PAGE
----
How To Read Music – Part 1
How To Read Music – Part 1
For more information from the source site of this video please visit:
By standard notation we mean ordinary written music — the kind that classical trained musicians learn to read.
Guitar tab is the first choice of guitarists, but ultimately it has its limitations. By learning at least the basics of standard notation you will find it easier to communicate musical ideas with other musicians and also it will smooth out your progress through learning the higher levels of music theory.
As a nice bonus, being able to understand standard notation means you can read melody lines out of song books which is a great help when it comes to developing cool melody based solos.
We start with five parallel lines called a staff or stave. These lines are meaningless until we place a clef at the beginning
Now originally this started out life as a letter G, but over the years it got standardised into the sign we now recognise as a treble clef.
Once we have pinpointed that line as G, the rest of the letters of the musical alphabet follow on from there alternating space/line/space/line..
And the same downwards.
Conventionally, students of music are taught to memorise the names of the notes like this:
Firstly the notes on the lines:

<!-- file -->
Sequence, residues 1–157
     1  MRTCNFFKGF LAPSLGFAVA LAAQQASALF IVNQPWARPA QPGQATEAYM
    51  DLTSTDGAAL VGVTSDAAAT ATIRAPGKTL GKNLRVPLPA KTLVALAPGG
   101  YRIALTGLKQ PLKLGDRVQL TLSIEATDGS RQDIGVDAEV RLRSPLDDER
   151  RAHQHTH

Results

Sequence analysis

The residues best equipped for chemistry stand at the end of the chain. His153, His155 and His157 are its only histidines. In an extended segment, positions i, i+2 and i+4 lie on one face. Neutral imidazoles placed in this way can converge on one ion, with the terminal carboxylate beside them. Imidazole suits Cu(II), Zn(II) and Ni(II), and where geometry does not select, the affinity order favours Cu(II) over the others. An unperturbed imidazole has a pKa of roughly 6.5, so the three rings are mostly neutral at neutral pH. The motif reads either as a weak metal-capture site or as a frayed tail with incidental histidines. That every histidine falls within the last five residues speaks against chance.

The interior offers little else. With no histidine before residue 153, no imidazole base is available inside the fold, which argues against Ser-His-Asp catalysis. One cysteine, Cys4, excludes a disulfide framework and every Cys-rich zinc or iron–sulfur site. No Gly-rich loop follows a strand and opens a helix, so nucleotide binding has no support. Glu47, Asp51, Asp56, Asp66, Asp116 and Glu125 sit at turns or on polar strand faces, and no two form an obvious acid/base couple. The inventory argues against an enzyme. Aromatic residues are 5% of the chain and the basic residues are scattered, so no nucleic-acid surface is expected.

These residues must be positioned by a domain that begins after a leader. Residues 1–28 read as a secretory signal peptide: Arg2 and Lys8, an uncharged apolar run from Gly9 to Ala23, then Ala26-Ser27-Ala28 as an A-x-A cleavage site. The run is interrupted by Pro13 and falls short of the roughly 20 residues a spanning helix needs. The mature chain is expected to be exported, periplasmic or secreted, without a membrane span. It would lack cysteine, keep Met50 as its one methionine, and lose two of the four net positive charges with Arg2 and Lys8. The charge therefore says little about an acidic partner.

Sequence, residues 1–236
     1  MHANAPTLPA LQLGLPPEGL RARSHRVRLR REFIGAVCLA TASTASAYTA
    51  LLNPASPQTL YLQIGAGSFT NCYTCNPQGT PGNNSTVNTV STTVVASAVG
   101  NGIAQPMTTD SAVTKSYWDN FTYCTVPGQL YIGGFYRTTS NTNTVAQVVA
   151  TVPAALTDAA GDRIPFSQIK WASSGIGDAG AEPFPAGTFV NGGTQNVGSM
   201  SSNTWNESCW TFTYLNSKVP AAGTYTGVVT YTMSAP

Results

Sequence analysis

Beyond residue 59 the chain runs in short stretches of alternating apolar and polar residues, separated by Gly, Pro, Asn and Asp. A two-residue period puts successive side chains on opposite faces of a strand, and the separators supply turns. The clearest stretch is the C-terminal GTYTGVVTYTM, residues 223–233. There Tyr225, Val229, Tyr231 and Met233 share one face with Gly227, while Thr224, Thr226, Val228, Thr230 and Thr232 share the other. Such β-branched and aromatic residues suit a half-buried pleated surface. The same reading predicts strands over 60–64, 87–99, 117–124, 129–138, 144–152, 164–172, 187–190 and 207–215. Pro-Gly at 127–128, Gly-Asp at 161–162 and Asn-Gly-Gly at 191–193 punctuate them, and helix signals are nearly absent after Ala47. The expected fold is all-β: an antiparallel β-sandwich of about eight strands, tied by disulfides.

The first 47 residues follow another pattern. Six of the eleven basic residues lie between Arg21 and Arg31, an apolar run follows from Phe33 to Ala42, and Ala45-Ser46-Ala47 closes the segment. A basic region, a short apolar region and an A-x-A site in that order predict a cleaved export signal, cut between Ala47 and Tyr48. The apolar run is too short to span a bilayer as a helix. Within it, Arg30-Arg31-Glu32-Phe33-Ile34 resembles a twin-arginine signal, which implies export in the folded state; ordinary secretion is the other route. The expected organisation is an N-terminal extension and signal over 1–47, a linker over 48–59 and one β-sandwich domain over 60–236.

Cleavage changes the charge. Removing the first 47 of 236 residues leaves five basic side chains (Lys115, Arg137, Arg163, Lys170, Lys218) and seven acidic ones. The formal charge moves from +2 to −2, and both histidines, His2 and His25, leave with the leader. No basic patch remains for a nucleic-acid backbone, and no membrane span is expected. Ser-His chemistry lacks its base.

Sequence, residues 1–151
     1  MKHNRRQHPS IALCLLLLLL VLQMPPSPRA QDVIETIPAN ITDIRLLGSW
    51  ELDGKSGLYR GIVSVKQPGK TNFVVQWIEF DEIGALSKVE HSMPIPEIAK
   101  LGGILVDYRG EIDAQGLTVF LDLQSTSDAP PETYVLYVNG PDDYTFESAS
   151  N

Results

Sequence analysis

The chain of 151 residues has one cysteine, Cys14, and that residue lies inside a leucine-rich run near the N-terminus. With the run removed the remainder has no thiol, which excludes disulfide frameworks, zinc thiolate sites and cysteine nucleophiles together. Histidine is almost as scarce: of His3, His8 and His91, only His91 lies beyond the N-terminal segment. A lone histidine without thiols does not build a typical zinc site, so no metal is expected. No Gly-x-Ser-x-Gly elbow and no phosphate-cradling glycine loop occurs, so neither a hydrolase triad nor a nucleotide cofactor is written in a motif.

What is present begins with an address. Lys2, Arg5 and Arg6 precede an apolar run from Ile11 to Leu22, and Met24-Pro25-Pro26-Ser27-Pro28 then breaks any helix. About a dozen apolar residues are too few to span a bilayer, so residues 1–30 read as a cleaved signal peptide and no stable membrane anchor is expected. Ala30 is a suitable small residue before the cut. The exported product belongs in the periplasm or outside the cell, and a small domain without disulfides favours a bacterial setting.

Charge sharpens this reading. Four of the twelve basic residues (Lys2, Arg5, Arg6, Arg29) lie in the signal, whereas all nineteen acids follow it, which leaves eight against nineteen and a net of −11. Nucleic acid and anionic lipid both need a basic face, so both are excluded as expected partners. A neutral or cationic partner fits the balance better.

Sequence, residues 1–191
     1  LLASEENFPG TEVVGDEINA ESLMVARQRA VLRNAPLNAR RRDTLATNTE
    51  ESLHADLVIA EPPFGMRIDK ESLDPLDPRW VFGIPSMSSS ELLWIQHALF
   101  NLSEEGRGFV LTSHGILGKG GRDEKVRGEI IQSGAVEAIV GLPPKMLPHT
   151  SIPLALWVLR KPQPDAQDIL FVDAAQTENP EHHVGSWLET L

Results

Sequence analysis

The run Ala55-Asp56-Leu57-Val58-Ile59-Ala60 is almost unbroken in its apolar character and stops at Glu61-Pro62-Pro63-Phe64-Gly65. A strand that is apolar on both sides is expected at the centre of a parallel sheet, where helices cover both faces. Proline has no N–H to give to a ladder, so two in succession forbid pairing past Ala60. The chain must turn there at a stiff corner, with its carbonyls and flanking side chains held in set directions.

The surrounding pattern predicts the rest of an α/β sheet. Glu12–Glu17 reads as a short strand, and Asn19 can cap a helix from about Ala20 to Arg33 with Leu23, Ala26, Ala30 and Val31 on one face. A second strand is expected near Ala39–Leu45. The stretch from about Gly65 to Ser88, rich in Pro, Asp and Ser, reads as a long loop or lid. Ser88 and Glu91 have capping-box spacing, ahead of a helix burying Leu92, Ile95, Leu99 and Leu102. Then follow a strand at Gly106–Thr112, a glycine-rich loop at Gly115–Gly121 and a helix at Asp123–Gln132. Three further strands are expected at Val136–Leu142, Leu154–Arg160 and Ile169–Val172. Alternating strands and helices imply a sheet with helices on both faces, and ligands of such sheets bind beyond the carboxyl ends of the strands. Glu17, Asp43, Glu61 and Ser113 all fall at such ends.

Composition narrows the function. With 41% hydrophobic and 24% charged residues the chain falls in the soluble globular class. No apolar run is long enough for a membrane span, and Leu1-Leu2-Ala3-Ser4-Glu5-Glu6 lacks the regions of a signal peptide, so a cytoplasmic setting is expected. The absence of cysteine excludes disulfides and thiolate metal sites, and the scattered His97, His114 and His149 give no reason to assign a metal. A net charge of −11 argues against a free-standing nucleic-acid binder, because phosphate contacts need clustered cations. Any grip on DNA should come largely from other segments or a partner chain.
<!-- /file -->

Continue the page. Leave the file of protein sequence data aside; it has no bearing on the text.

Every Good Boy Deserves Fortune
F A C E spells face which conveniently rhymes with Space
Look at the sharp symbols at the start of the line. Each one is positioned on either a line or a space. For example the first one is positioned on the top line. As this is where the note F belongs, this tells us that all Fs should be played as F#.
The next sharp symbol is placed on the third space up so it affects all C notes and dictates that they should be played as C# instead.
The third sharp symbol is placed just above the F line. A note in this position would be a G so this tells us to play all Gs as G#s.
Here the flat symbols are placed on the middle line affecting all B notes and dictating that they are played as B Flats. And the top space affecting all E notes and dictating that they are played as E Flats.
These are notes that arguably don’t belong to the key and are thus referred to as ‘Accidentals’.
In our example, the key signature is established at the start of the line by the two flat symbols affecting the B and E notes. But the very first B has a natural symbol — the one that looks like a sharp with one arm and one leg cut off! — The natural symbol effectively cancels out a
sharp or flat and restores the note to natural (meaning neither sharp nor flat).
One final question people normal ask at this stage — where do I find these notes on the guitar? Pretty smart question really!
Well the internationally accepted standard for tuning musical instruments defines the note A on the second space up as 440 Hz
Only problem with this is that it means that the majority of notes on the guitar would be placed so far down on the stave as to be unreadable.
So, by general agreement guitar music is written one octave higher than it actually sounds.
Here you can see the open strings placed one octave higher than they actually sound, but at least now we can read the notes more easily, because most of them are actually on the stave.